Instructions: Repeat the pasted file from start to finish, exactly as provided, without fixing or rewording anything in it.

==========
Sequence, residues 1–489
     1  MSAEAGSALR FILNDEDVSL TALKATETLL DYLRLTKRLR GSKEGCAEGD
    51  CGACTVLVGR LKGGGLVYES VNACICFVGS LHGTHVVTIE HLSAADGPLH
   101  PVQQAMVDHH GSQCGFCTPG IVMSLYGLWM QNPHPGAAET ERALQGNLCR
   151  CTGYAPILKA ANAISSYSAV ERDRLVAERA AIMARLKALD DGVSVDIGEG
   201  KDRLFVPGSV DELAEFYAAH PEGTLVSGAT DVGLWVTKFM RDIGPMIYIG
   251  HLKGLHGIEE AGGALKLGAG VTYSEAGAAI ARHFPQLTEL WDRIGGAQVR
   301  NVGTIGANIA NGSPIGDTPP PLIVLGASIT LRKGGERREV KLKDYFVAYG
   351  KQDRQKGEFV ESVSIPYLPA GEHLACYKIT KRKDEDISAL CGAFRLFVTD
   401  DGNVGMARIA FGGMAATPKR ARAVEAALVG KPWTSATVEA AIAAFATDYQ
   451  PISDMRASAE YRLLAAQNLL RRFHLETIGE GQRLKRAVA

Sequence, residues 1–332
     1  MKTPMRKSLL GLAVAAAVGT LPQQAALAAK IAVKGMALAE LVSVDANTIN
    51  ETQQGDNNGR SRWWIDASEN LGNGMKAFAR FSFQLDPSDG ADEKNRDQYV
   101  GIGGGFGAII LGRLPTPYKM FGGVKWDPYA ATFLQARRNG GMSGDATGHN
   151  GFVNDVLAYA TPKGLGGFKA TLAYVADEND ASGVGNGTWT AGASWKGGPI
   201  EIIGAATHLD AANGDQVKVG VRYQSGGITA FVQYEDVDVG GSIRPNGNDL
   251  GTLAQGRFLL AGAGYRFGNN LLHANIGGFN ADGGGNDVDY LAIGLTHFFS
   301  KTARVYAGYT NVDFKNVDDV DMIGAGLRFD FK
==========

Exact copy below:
Sequence, residues 1–489
     1  MSAEAGSALR FILNDEDVSL TALKATETLL DYLRLTKRLR GSKEGCAEGD
    51  CGACTVLVGR LKGGGLVYES VNACICFVGS LHGTHVVTIE HLSAADGPLH
   101  PVQQAMVDHH GSQCGFCTPG IVMSLYGLWM QNPHPGAAET ERALQGNLCR
   151  CTGYAPILKA ANAISSYSAV ERDRLVAERA AIMARLKALD DGVSVDIGEG
   201  KDRLFVPGSV DELAEFYAAH PEGTLVSGAT DVGLWVTKFM RDIGPMIYIG
   251  HLKGLHGIEE AGGALKLGAG VTYSEAGAAI ARHFPQLTEL WDRIGGAQVR
   301  NVGTIGANIA NGSPIGDTPP PLIVLGASIT LRKGGERREV KLKDYFVAYG
   351  KQDRQKGEFV ESVSIPYLPA GEHLACYKIT KRKDEDISAL CGAFRLFVTD
   401  DGNVGMARIA FGGMAATPKR ARAVEAALVG KPWTSATVEA AIAAFATDYQ
   451  PISDMRASAE YRLLAAQNLL RRFHLETIGE GQRLKRAVA

Sequence, residues 1–332
     1  MKTPMRKSLL GLAVAAAVGT LPQQAALAAK IAVKGMALAE LVSVDANTIN
    51  ETQQGDNNGR SRWWIDASEN LGNGMKAFAR FSFQLDPSDG ADEKNRDQYV
   101  GIGGGFGAII LGRLPTPYKM FGGVKWDPYA ATFLQARRNG GMSGDATGHN
   151  GFVNDVLAYA TPKGLGGFKA TLAYVADEND ASGVGNGTWT AGASWKGGPI
   201  EIIGAATHLD AANGDQVKVG VRYQSGGITA FVQYEDVDVG GSIRPNGNDL
   251  GTLAQGRFLL AGAGYRFGNN LLHANIGGFN ADGGGNDVDY LAIGLTHFFS
   301  KTARVYAGYT NVDFKNVDDV DMIGAGLRFD FK